Do you feel that Exodus has accomplished everything it was intended to? 
Yes, honestly. I’m very picky. I’m so hard on myself and the process and art. That’s why these listening sessions help me, because I’m watching everything. Especially doing them on the Zooms, where you can’t control the environment, you get to see real reactions. It’s crazy because I’m thinking people are tuning out, and then at the end of it, everybody got two hours’ worth of things to talk about.

What’s the most important thing we should know about Exodus and DMX?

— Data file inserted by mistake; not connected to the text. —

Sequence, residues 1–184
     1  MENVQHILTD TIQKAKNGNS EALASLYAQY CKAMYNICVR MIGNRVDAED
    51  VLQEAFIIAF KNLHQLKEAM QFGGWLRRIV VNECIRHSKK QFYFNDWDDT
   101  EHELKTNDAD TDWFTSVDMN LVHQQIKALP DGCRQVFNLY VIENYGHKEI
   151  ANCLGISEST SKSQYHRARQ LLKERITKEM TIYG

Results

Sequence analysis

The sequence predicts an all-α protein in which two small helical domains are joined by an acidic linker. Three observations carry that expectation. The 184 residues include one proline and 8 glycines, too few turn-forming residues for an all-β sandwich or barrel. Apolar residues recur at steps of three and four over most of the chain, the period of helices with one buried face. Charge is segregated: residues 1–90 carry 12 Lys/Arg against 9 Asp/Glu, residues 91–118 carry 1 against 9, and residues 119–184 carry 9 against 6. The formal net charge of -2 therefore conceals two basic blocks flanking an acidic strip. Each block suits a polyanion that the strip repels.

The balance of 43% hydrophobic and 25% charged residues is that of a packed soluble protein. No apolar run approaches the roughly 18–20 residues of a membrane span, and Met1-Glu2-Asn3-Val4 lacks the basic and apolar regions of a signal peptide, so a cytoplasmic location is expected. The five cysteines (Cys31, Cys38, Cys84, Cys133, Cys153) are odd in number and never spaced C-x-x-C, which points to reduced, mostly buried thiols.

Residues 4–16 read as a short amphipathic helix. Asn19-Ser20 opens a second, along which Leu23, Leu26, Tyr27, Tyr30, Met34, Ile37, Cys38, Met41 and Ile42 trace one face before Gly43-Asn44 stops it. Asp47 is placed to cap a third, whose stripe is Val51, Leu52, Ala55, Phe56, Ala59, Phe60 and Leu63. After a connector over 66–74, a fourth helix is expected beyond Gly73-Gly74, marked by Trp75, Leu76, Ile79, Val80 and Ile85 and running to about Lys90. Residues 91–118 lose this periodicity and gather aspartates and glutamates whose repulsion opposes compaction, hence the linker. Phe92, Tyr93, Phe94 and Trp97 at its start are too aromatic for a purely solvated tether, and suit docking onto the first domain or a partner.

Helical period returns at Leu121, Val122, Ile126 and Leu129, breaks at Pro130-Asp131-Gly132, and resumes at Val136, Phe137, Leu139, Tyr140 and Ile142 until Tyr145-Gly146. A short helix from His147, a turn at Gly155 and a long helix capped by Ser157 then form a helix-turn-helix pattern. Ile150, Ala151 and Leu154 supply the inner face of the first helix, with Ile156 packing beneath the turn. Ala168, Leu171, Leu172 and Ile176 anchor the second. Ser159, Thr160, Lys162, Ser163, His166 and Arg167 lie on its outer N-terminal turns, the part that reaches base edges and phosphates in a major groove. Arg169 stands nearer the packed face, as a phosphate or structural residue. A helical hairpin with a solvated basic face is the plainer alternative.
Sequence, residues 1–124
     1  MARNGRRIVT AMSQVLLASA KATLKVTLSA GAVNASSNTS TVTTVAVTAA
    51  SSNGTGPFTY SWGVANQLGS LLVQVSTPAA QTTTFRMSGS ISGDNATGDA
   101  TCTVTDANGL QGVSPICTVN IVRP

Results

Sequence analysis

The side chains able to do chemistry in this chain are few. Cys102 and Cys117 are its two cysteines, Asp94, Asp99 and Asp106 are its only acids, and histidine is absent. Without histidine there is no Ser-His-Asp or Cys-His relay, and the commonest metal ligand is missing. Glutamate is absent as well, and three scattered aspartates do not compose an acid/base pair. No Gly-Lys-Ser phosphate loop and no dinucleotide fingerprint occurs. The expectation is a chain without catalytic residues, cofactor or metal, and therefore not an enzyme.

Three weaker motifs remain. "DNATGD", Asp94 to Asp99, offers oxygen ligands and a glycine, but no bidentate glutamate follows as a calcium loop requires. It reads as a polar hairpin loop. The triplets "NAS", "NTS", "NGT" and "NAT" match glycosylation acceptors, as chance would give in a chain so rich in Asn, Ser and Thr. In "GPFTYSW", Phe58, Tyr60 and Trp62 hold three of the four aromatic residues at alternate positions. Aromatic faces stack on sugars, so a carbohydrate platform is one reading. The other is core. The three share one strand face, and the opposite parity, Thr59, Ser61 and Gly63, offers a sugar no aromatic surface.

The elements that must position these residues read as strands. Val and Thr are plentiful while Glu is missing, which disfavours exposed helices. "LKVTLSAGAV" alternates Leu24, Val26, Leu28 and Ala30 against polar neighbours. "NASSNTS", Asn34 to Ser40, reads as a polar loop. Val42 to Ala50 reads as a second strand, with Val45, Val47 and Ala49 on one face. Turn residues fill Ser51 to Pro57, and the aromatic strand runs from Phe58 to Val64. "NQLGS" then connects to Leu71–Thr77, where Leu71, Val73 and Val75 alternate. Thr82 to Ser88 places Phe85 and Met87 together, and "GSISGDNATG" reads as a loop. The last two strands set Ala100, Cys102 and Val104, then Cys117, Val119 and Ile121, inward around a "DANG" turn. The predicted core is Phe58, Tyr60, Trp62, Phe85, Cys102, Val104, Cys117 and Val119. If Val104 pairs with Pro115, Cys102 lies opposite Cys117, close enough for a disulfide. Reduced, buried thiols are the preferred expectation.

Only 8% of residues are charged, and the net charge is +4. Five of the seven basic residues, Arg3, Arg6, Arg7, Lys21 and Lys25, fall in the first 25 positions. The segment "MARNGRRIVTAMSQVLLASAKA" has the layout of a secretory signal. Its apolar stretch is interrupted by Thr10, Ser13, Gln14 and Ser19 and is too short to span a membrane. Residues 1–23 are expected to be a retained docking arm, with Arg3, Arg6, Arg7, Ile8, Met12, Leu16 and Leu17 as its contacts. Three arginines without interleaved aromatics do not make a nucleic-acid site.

Man, just know that X purposely put his all into this. I’ve seen him give it his all. I’ve seen him anxious for the people to hear it. And I think that he deserved a celebration, not only for what he’s doing now, but things that we didn’t even see that he’s done for people’s lives. He says on “Letter To My Son,” “I don’t know what you thought about my use of drugs, but it taught you enough to not use the drugs.” I felt that it was so serious. Although X had an addiction, the amount of people that he stopped from having addiction… That man saved so many people. He saved other people before he saved himself. That man got so many people off of drugs. And it was just deep to see how he was put on Earth to be used as a vessel to help people. I just want people to understand that side. We know the craziest stories, and that’s going to get all the attention. But I’m telling you who he was. He was a God-fearing man from day 1. He was the first person to make a whole stadium cry. Thugs, you name it, everybody was crying, and he was in there praying with people. How are you going to follow up a prayer on the stage? Now, when you go back and listen to the songs, they hit different, because now you really listen to what he was saying. You listen to “They Don’t Know Who We Be.” Look how long ago he did that song, and for us facing the injustices we have going on today… He’s been on that page. He just wasn’t political about it. He just gave his message, and he went about his business.